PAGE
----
According to Jagpal, “Many Bollywood actresses today are considered to be nautch girls because they popularize the Bharatnatyam dance in front of a plethora of nationally-grown Indian and diasporic Indian watchers.”
Bollywood is a relatively new term as well. It’s used as an umbrella term for the Hindi film industry. The term ‘Bollywood’ arose from a need to reach a global audience and to be relatable to the rest of the world. Since people already knew Hollywood, Bollywood naturally stemmed from that.
“When I was a kid, that word didn’t exist, we just called it Hindi movies or Hindi songs,” Ashley Anjlien Kumar, Artistic Director of the South Asian Arts Movement and Director of The Balance Code Yoga and Wellness, says. “The word ‘Bollywood’ really came about based on the massive exporting of Indian films to places all around the world, [to] what the Indians call [the] NRI — non-resident Indian — audience, and to appeal to non-Indians as well.”
Dance has been an integral part of Bollywood since its inception; even the era of silent films featured dance sequences. Kumar has been dancing for 27 years; she is trained in a variety of different Indian dance styles (which she calls South Asian dance styles), but mainly does Kathak, a North Indian classical dance, and Bollywood dance. For Kumar, the historical aspects of South Asian dance are imperative to performing authentically. At the South Asian Arts Movement, Kumar wants to empower the youth through movement. She does workshops called “Beyond Bollywood” all over Alberta, as a way for others to get a glimpse of dance from South Asia. In these workshops, Ashley discusses the history of each of the dance styles. However, for Kumar, the reception of nautch girls and women in Bollywood dance goes beyond the big screen.
“India is changing, more people are dancing.”
“In the Hindu religion in of itself, women are valued and strongly upheld. It’s [men’s] or society’s interpretation of the religion and the culture that has degraded the position of women in terms of Indian classical artwork,” Kumar says. “It’s not the religion itself, but how people or individuals interpret the religion and then impose that power over other people, especially… women and girls. Unfortunately, it’s not [just] that it affects Bollywood today, it affects the whole society.”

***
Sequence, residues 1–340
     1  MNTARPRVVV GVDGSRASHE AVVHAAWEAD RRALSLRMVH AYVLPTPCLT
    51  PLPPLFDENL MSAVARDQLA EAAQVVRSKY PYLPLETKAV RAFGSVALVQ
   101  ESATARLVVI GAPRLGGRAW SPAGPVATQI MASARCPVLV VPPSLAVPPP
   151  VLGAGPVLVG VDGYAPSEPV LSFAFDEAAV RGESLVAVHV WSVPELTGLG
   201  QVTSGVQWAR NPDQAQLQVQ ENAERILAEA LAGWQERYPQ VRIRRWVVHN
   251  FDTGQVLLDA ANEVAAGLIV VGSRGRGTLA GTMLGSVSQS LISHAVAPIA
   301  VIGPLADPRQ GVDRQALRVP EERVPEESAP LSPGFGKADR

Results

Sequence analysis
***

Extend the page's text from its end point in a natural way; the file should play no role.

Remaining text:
This is especially true when considering how gender within Hinduism is fluid and isn’t as strictly constructed as communities tend to make them. In many Hindu epics, such as Vedas, Mahabharata, Ramayana and Puranas, showcase many deities as both male and female at different times or incarnations or may depict themselves as both genders at once (such as Ardhanarishvara). There are dieities who are patrons of third-sex or homoerotically inclined people as well. Yet, within both Western and Eastern societies, followers utilize Hinduism to enforce rigid gender binaries and roles.
“When you think about the songs and the lyrics, when it comes to Bollywood Dance, there’s a lot of stuff related to a woman, a woman’s body, a woman’s physique, a woman’s skin colouring, a woman’s features,” Kumar says.
Kumar finds that many people don’t take the skill of Bollywood dancers seriously, which affects the way her business works.
“Large pockets of the South Asian community are not giving value to the artform when they’re looking at performances,” Kumar says. “Whether that means they’re sitting and talking while a performer is performing or they’re thinking that as a dancer that you should not be paid when you perform or provide a service at certain events.” Kumar finds this frustrating. “For us, for certain people, this is our livelihood.”